During the final semester of my MBA program, I wrote up a case study about Apple for my Business Strategy course. Unsurprisingly, I waxed passionately about Steve Jobs’ success and the opportunity we each have to lead lives of significance. When I got the paper back I had good marks, but my professor, Dr. Michael Crooke, also left a puzzling comment: “Relax!”

“You’re already successful,” he continued.

 

Instead of the settling effect I’m sure he intended, Crooke’s comment catalyzed the arbitrage in my head! Successful!?! How did he figure? Sure, he feels successful! He led a beloved multinational corporation with nearly a billion dollars a year in revenue (Patagonia/Lost Arrow), was on the short list to lead Bono’s Project Red, and is well-respected on the international business landscape.

I’ve …  Well, some days it doesn’t feel like I’ve done much of anything!

Still his conviction forced me to wrestle with the question: How do you know when you’re ‘successful?’ Is ‘success’ internal or external (i.e., a feeling or recognition)? Is it a journey or a destination (i.e., a process or an event)? Though my search for answers admittedly continues, here are three truths about success that have helped me wrap my head around the concept and be more appreciative of my own accomplishments. I hope you find these ideas helpful and encouraging too!

  1. Success is Inherently Subjective – Stop and think for a minute: How do you actually measure ‘success?’ Is net worth the best proxy? Society might have implied so 30 years ago, but today? How about buying power? Living in the United States (and Los Angeles, in particular) this seems to be a more commonly accepted yardstick: Who cares if you have money as long as you look like you do! But what happens when you throw a country like Bhutan into the mix? They literally measure Gross National Happiness! What a paradigm-shifting concept! We all know people with material success who remain unhappy nonetheless.
  2. Your Target Always Moves – Hitting a stationary target is one thing, but a moving target is quite another – and ‘success’ is definitely a moving target! Like it or not, there is always a new incoming class with sharper, younger minds; A faster, sleeker dream car; A bigger house, new all-star, A-list actor, hot band, and Silicon Valley rags-to-riches phenomenon! It’s true, and the list goes on. In our dynamic world, nothing remains static long enough to catch it. Instead, even our best attempts are like trying grab a stream of water! As Solomon wisely observes in Ecclesiastes 2:11, “But then I looked at what I had done, and I thought about all the hard work. Suddenly I realized it was useless, like chasing the wind.” (NCV).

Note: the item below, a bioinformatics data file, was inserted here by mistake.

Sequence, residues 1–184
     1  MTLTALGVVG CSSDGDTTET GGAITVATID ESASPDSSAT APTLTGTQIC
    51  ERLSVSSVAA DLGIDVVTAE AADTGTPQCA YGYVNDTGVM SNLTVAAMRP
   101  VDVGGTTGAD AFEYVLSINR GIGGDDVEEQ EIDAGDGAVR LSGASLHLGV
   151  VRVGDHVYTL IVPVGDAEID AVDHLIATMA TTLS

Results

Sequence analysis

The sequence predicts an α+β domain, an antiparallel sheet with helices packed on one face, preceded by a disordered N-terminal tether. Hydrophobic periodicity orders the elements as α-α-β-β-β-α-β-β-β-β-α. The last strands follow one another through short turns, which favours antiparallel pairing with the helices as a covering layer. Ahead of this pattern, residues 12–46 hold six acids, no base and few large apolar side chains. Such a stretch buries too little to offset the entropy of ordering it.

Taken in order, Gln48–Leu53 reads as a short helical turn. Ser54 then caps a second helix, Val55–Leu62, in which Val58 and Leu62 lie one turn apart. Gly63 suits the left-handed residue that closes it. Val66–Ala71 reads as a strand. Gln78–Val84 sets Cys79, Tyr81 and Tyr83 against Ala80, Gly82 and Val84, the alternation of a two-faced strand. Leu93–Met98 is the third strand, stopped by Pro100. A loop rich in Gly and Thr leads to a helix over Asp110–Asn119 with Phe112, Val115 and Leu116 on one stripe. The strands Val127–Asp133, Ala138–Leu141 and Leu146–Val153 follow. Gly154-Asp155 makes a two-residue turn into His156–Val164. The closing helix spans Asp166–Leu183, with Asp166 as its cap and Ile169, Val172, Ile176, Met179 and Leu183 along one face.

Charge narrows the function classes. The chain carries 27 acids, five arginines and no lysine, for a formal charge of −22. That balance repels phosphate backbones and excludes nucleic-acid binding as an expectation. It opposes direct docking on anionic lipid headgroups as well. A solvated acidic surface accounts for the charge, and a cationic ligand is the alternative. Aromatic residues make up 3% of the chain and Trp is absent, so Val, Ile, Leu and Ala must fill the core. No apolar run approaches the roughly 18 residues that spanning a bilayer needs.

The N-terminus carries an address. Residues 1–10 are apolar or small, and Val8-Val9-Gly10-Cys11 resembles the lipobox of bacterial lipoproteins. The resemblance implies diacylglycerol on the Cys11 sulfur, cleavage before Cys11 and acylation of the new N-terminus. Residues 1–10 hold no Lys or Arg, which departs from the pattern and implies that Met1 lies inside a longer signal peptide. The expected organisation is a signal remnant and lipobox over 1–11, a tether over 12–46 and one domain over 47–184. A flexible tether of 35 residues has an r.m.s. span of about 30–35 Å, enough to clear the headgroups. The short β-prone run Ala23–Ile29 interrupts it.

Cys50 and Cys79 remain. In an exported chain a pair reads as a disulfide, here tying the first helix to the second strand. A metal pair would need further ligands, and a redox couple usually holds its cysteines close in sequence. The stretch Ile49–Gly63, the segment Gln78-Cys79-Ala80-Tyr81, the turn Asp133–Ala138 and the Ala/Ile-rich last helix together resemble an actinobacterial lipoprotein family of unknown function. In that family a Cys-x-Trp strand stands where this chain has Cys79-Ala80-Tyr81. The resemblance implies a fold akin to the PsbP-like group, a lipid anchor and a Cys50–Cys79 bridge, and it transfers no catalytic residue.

3. The Answer is ‘Yes’ – While trying to identify a target, it’s also worth trying to figure out who is keeping score and where the finish line is located! Has your head started to ache yet? In reality, nobody else defines ‘success’ consistently either. Hence the answers to the hypothetical questions posed above are always ‘yes.’ Success is BOTH internal and external, related to your feelings about yourself AND recognition by other people. Success is also both a journey and a destination, a process with important milestones along the way.

Thus far, one of the things I have realized is that we must each define ‘success’ for ourselves. Why? Because developing your own definition of what a successful life looks like is the only way to encapsulate its many facets (e.g., physical, spiritual, material). In addition, since ‘success’ is definitively multifaceted, being successful in areas of importance to you will necessarily require tradeoffs in other areas. We each have limited time, energy, and money to invest, so our choices implicate opportunity costs. Consequently, defining success for yourself will also allow you to measure your progress, determine whether you are succeeding in the areas most important to you, and make changes if you’re not.

“Success bases our worth on a comparison with others. Excellence gauges our value by measuring us against our own potential.”

– John Johnson, Christian Excellence

So, how do you know when you’re successful? First, you define success for yourself, and then you act intentionally with that definition in mind. You make the rules, and officiate the game. Yes, this does mean that you can cheat! You can take credit where you don’t deserve it, or reward yourself for slacking. But why would you? You’re already positioned to win!

Editor’s Note: If you’re currently wrestling with your definition of ‘success’ let me recommend the following resources: Michael Hyatt’s free eBook Creating a Personal Life Plan and John Maxwell’s book Put Your Dream to the Test. I spent five months painstakingly working through each of these books, consolidated the results, and then discussed them with several mentors. As a result, I have a well-developed road map that articulates my values and dreams, provides criteria to contextualize decision-making, and helps keep me focused. I consider it the best investment of time I have made in the last four years, including all the time dedicated to the pursuit of both my JD and MBA degrees!

Leave a Comment: What challenges have you wrestled with in coming to terms with the concept of ‘success?’ How will you know when you’re successful?

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